We don’t know when we’re going to die. I’ve made that statement many times over the years, and I write it for myself as well as for you. I make it again after reading a book, and stumbling up an article on CNN.com, that talk not to death itself, but the days leading up to death. You might call them deathbed confessions.
In the book Die with Zero: Getting All You Can from Your Money and Your Life, Bill Perkins make several compelling points that relate to our money and how we spend it. Chief among them is that if you have the money to spend, spend it before you get too old. Forget material goods, the most important thing money can buy us is experiences, ideally with others.
Too many of us wait too long to create new life experiences when our physical health might be failing. We delay until retirement the dream vacation we wanted to take or the activity or hobby we always wanted to pursue. Perkins warns us to not spend recklessly—but wants us to realize that how we feel in our 50s and 60s may very well dramatically change by the time we reach our 70s and 80s. Depending on your age and health, the time to act may be now.
Perkins calls out a study done by an Australian woman named Bronnie Ware, a palliative caregiver. Her work “put her at the bedsides of patients with just weeks left to live.” She talked to them about “what they wished they had done differently in their lives” and found the same key regrets coming up over and over again.” Perkins writes:
Her patients’ number one regret was that they wished they’d had the courage to live a life true to themselves—as opposed to the life that others expected of them. It’s a regret about not pursuing your dreams, and therefore having those dreams go unfulfilled.
Perkins makes the point that when you ignore what is truly important to you, and instead pursue a path dictated by society, your family, or peers, “you risk having real regret at the end of your days.” You may end up feeling that the sacrifices you made were too great, because you ignored your true inner calling, the desires of your soul.
A second regret is related to the first. Many people wished they had not worked so hard. (As the adage goes, no one on their deathbed ever regretted spending too little time in the office.) To quote Ware, whose patients were mostly male, “All of the men I nursed deeply regretted so much time of their lives on the treadmill of a work existence.” But women, had this regret as well. They all believed they had missed too much of “their children’s youth and their partner’s companionship.”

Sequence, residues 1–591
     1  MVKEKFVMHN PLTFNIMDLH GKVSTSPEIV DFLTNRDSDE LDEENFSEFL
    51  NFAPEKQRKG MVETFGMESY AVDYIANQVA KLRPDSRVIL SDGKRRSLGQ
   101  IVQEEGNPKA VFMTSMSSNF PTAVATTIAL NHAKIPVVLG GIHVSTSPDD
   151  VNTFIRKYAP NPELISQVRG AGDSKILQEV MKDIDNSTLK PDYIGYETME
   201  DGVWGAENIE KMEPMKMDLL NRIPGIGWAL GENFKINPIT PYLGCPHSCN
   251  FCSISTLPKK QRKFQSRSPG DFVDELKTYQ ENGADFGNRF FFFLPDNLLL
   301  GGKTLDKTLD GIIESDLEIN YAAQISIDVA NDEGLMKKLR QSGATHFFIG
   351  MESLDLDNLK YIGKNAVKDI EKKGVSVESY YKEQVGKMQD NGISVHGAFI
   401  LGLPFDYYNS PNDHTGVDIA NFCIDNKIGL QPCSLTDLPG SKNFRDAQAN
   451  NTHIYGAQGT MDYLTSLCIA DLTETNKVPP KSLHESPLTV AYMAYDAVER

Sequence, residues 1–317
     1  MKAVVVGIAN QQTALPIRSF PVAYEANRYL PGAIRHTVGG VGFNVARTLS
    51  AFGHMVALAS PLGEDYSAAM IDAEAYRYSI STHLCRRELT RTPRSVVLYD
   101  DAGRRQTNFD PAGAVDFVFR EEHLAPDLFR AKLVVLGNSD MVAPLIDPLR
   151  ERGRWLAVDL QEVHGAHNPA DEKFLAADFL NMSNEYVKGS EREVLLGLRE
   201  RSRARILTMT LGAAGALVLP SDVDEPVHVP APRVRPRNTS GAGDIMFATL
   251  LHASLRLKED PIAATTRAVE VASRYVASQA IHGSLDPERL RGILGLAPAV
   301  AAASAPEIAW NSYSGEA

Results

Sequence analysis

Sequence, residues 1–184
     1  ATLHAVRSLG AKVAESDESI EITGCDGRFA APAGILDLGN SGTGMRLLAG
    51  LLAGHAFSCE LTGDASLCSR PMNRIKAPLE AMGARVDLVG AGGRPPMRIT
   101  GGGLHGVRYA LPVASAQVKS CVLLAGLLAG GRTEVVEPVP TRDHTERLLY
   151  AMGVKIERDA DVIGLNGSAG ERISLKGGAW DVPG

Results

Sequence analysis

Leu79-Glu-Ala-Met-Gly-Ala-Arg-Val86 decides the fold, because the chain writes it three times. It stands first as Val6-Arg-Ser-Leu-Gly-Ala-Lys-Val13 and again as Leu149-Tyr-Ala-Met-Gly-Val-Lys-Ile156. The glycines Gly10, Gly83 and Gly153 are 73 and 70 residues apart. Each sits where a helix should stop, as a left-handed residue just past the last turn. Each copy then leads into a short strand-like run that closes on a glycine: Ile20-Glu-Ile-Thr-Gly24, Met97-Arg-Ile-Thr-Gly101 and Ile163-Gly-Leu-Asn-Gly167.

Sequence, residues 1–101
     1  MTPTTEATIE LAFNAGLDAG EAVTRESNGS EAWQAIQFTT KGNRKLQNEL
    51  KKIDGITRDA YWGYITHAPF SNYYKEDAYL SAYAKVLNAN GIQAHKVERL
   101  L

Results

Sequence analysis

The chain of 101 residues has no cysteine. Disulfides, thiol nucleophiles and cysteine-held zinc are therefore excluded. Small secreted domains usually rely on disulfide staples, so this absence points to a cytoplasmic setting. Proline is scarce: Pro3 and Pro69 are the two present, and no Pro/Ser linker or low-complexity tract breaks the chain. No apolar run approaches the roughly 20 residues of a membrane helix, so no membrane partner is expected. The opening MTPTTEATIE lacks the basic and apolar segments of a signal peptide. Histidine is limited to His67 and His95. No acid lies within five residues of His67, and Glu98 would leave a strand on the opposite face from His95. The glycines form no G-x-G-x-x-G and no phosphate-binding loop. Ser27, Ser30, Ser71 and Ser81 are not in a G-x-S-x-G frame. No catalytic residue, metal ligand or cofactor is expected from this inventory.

A similar deathbed tale come from a hospital chaplain in Tampa.
In a story titled This hospital chaplain has counseled thousands of dying patients. Here’s what he’s learned., by Faith Karimi at CNN.com, a hospital worker based in Tampa, Florida, shares his experiences. Joon “J.S.” Park has been a chaplain at Tampa General Hospital for eight years and has counseled thousands of patients and their families.
Park often describes himself as a “therapriest”—a cross between a priest and a therapist. He is often the last person many people speak to during their lives and when he sits with them, he makes sure he is with them completely. He puts his phone down and he lets them know, “I’m here right now with you.” Park says that:
“It’s such a terrible thing when a voice goes unheard. I have seen so many voices die. I have learned, in all my time with all my patients, each of us hold a story and must be given a voice. In the telling there is healing.”
He says that regret is a common theme among his dying patients. Most of the regrets come down to something like: “I only did what everyone else wanted, not what I wanted.” Yes, self-sacrifice is good, but at some point in life we need to listen to our own inner calling. Park continues:
“Many of us near the end realize we were not able to fully be ourselves in life—we had to hide to survive. It was not always our fault. Sometimes our resources, the systems and culture around us did not allow us to. My hope is always to fully see and hear this patient, who is now finally free.”
He remembers the young man who had aspired to be a musician before cancer took his life. On his deathbed, the man told Park he regretted not pursuing his dream of a life in music while he had a chance. It brings to mind the ancient Stoic philosopher Seneca who warned us procrastination is one of the biggest obstacles to a well-lived life, writing:
Putting things off is the biggest waste of life: it snatches away each day as it comes and denies us the present by promising the future. You are arranging what lies in fortune’s control and abandoning what lies in yours. The whole future lies in uncertainty: live immediately.
How about you? Have you too long delayed a dream or inner calling you should pursue? What’s stopping you from pursuing it now? Since journeys happen one step at a time, is there a first step you can take? As you can tell from the stories above, the best way to avoid regrets later is to take action now.